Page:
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  • $\begingroup$ But that analogy itself doesn't tell you if pre- or postmultiply with the inverse. $\endgroup$ – kjetil b halvorsen Aug 29 '18 at 18:17
  • $\begingroup$ @kjetilbhalvorsen, I put the order of operations $\endgroup$ – Aksakal Aug 29 '18 at 18:21
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Geometric viewpoint

A geometric viewpoint can be like the n-dimensional vectors $y$ and $X\beta$ being points in n-dimensional-space $V$. Where $X\hat\beta$ is also in the subspace $W$ spanned by the vectors $x_1, x_2, \cdots, x_m$.

projection

Two types of coordinates

For this subspace $W$ we can imagine two different types of coordinates:

  • The $\boldsymbol{\beta}$ are like coordinates for a regular coordinate space. The vector $z$ in the space $W$ are the linear combination of the vectors $\mathbf{x_i}$ $$z = \boldsymbol{\beta_1} \mathbf{x_1} + \boldsymbol{\beta_2} \mathbf{x_1} + .... \boldsymbol{\beta_m} \mathbf{x_m} $$
  • The $\boldsymbol{\alpha}$ are not coordinates in the regular sense, but they do define a point in the subspace $W$. Each $\alpha_i$ relates to the perpendicular projections onto the vectors $x_i$. If we use unit vectors $x_i$ (for simplicity) then the "coordinates" $\alpha_i$ for a vector $z$ can be expressed as:

    $$\alpha_i = \mathbf{x_i^T} \mathbf{z}$$

    and the set of all coordinates as:

$$\boldsymbol{\alpha} = \mathbf{X^T} \mathbf{z}$$


Mapping between coordinates $\boldsymbol{\alpha}$ and $\boldsymbol{\beta}$

for $\mathbf{z} = \mathbf{X}\boldsymbol{\beta}$ the expression of "coordinates" $\alpha$ becomes a conversion from coordinates $\beta$ to "coordinates" $\alpha$

$$\boldsymbol{\alpha} = \mathbf{X^T} \mathbf{X}\boldsymbol{\beta}$$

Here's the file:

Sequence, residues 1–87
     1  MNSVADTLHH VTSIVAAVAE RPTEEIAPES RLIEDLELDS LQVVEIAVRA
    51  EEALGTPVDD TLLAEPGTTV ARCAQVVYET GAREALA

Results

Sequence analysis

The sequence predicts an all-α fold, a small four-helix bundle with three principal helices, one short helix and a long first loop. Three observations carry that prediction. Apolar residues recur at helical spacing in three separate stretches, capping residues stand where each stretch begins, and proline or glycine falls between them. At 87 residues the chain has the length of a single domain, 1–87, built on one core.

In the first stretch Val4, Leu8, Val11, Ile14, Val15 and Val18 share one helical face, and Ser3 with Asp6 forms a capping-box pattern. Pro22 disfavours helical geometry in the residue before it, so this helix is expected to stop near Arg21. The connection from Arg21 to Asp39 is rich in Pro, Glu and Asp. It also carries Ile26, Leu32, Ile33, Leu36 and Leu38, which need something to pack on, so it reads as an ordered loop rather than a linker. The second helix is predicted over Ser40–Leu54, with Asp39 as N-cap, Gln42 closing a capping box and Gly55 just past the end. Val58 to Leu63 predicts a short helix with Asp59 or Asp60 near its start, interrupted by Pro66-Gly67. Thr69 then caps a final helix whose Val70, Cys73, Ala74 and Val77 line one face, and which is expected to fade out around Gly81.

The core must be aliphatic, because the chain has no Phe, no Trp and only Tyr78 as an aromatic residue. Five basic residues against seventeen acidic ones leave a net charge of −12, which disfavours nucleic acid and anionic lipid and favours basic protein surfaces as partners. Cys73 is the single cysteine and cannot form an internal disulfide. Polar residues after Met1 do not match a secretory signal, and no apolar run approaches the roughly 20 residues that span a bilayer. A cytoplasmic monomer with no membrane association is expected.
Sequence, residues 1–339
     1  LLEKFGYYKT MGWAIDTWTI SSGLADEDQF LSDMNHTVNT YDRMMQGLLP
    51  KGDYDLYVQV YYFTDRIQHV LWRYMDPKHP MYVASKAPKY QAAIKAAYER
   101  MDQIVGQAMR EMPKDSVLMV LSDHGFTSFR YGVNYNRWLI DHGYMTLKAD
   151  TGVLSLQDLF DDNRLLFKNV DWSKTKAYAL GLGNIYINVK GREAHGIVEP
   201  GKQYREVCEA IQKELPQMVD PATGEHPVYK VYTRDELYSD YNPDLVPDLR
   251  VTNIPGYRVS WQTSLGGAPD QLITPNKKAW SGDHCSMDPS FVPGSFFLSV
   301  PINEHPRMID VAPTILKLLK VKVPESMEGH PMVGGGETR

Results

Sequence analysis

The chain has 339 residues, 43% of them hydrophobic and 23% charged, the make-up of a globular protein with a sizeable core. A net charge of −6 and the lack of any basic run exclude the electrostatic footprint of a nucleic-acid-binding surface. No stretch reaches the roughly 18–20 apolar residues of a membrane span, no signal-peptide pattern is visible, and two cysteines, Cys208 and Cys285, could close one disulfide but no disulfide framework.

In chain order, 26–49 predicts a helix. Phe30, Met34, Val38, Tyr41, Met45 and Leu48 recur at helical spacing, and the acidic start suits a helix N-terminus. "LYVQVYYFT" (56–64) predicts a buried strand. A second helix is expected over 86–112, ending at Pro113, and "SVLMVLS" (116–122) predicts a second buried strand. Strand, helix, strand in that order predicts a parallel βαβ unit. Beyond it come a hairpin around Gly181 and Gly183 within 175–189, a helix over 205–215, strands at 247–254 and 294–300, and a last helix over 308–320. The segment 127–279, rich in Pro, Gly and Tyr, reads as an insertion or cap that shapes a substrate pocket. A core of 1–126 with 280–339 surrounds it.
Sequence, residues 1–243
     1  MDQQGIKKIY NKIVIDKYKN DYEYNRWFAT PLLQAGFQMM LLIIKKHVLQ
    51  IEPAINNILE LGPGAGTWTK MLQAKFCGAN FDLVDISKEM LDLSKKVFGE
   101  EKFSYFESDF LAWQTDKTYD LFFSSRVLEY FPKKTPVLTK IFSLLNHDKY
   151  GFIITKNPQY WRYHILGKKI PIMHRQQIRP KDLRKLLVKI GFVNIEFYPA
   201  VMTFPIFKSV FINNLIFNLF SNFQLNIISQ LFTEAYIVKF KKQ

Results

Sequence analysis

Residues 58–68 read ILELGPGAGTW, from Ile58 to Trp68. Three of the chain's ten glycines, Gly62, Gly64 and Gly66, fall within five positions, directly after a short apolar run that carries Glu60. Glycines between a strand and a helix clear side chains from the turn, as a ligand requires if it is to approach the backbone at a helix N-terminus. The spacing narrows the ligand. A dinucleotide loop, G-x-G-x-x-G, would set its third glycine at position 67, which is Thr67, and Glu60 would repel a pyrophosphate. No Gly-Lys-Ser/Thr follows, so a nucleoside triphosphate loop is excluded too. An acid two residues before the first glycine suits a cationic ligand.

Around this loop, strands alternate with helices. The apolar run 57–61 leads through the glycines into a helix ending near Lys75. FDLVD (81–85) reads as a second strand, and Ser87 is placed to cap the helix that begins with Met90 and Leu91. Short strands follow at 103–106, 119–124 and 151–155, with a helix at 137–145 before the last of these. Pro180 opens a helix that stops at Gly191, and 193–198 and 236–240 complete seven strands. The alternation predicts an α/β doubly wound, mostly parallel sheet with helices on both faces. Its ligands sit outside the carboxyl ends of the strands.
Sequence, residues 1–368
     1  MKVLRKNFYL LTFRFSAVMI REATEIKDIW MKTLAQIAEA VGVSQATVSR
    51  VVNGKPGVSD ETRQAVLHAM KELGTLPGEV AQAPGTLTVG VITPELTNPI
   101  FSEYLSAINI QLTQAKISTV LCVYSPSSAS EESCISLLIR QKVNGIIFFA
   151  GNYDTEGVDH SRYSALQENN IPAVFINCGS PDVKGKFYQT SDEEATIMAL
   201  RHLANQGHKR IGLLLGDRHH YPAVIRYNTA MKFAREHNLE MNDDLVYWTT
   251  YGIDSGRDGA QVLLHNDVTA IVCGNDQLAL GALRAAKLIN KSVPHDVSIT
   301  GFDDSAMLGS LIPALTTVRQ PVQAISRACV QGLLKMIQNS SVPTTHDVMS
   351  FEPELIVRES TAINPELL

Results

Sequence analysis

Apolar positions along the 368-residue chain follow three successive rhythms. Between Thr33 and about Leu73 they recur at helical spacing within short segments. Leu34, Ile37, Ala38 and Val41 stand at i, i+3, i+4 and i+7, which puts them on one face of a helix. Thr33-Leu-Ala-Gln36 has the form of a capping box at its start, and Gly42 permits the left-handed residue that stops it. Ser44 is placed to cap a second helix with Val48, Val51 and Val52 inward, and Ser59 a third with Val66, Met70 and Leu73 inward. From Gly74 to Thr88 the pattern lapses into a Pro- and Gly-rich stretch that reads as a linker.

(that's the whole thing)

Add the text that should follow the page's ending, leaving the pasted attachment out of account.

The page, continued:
You could see $(\mathbf{X^T} \mathbf{X})_{ij}$ as expressing how much each $x_i$ projects onto the other $x_j$

Then the geometric interpretation of $(\mathbf{X^T} \mathbf{X})^{-1}$ can be seen as the map from vector projection "coordinates" $\boldsymbol{\alpha}$ to linear coordinates $\boldsymbol{\beta}$.

$$\boldsymbol{\beta} = (\mathbf{X^T} \mathbf{X})^{-1}\boldsymbol{\alpha}$$

The expression $\mathbf{X^Ty}$ gives the projection "coordinates" of $\mathbf{y}$ and $(\mathbf{X^T} \mathbf{X})^{-1}$ turns them into $\boldsymbol{\beta}$.


Note: the projection "coordinates" of $\mathbf{y}$ are the same as projection "coordinates" of $\mathbf{\hat{y}}$ since $(\mathbf{y-\hat{y}}) \perp \mathbf{X}$.

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  • $\begingroup$ A very similar account of the topic stats.stackexchange.com/a/124892/3277. $\endgroup$ – ttnphns Aug 30 '18 at 12:49
  • $\begingroup$ Indeed very similar. To me this view is very new and I had to take a night to think about it. I did always view least squares regression in terms of a projection but in this viewpoint I have never tried to realize an intuitive meaning to the part $(X^TX)^{-1}$ or I always saw it in the more indirect expression $X^T y = X^TX\beta$. $\endgroup$ – Martijn Weterings Aug 30 '18 at 12:54